Release date: July 13, 2012

Black metal. The genre of music I love more than any other. For me, and this sounds highly pretentious, the most important question to ask oneself when considering a piece of music (or any other form of art) is not ‘what did I think?’ but ‘what did I feel?’. I want music to take me on a journey and to generate involuntary emotional responses and visual imagery which transports me away from wherever I am and whatever I am doing. Good black metal makes me feel as if I’m standing on the edge of a frozen Nordic fjord in bright moonlight surrounded by snow covered peaks, or drifting through a Lovecraftian subterranean-underworld of unspeakable horrors, or otherwise transported to some other place. Denial of God’s 2012 album Death and the Beyond is my quintessential example of an album which offers this level of escapism. Only their second full length album in two decades of output mainly consisting of EPs and demos, Death and the Beyond is a stunning concept album featuring a Poe-esque ghost story of death and the afterlife told through well constructed and addictive songs which generate a powerful atmosphere.

Stylistically the album mixes elements of first and second wave black metal, drawing heavily from both. This may sound worrying to the black metal purest but fear not, there is plenty of no nonsense black metal within this album. However, there is also some phenomenal guitar work which when you first hear it will make you stop whatever you’re currently doing to just listen, I am also prone to grinning stupidly throughout some of the best parts. The songs all have a similar feel and style which helps with continuity and the atmosphere is further enhanced with piano and strings being used to bridge songs. The vocals are generally a fairly typical growl from lead singer Ustumallagam, but it is also easy to make out the lyrics which, given the storytelling intention of the album, makes them exactly what is needed.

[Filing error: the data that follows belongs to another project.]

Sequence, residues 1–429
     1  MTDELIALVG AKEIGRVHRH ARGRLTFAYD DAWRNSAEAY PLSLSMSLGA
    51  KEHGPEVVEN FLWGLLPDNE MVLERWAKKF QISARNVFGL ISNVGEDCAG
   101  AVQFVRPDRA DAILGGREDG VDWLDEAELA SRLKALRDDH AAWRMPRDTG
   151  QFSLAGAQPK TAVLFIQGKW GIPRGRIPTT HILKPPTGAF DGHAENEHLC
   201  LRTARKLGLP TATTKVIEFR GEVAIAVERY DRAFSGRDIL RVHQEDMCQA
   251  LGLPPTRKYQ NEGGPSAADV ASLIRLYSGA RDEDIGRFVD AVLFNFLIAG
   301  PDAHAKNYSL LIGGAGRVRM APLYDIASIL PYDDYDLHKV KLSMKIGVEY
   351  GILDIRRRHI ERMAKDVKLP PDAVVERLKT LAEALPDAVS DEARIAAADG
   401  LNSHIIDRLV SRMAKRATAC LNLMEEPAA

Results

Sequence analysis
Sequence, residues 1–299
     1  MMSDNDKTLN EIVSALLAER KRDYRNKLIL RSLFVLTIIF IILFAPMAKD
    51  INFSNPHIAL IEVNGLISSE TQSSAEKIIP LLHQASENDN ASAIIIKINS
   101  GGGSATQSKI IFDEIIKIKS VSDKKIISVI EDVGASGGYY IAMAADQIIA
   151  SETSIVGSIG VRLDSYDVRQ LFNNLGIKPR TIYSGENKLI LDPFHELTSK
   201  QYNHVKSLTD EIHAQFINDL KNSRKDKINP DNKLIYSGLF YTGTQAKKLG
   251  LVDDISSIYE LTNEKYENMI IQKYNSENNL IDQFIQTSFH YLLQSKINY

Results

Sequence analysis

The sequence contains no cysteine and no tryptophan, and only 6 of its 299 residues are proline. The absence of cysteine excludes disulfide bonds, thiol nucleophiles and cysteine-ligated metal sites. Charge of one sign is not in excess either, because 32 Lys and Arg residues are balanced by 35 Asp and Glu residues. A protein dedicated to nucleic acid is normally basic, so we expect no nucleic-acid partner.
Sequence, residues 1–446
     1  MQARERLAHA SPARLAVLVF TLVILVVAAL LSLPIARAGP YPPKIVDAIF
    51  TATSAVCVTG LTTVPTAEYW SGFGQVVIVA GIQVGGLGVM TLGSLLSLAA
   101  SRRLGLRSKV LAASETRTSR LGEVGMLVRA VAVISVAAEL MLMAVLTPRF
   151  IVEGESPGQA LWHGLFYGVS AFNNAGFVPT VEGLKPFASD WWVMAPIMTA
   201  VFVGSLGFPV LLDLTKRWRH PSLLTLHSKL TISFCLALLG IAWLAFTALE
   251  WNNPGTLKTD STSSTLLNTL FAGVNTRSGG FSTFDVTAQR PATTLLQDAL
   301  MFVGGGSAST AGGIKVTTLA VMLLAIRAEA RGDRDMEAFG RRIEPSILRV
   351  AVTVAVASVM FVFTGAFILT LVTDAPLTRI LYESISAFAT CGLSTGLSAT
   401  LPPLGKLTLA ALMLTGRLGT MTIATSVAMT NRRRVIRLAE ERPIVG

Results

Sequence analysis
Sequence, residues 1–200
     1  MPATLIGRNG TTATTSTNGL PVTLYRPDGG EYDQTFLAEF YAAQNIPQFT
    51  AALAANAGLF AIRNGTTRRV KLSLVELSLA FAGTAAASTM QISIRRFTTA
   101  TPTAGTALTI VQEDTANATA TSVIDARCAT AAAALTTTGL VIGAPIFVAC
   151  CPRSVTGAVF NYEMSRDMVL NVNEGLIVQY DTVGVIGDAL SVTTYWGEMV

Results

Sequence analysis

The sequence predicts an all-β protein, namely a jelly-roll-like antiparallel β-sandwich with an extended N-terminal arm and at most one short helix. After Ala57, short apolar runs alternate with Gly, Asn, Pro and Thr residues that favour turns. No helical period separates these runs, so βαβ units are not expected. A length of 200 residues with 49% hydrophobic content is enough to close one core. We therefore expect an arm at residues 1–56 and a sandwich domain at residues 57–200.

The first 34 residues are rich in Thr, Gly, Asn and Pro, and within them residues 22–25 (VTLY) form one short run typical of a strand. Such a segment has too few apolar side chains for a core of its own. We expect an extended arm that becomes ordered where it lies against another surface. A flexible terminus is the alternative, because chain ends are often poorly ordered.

Altogether these individual aspects combine into what for me is pure nectar. Listening to Death and the Beyond you feel all the loss of death, experience the horror of realising that it is you who has died and then the terror of being buried, undead and alone. The music itself is a staggering achievement and well worth the 20 year incubation period. Finally, and perhaps most importantly, this album is fun. It has groove and style and is exciting and original and it reminds me why I fell in love with metal in the first place. I heartily recommend giving this album a go, it most definitely deserves more recognition and airtime.

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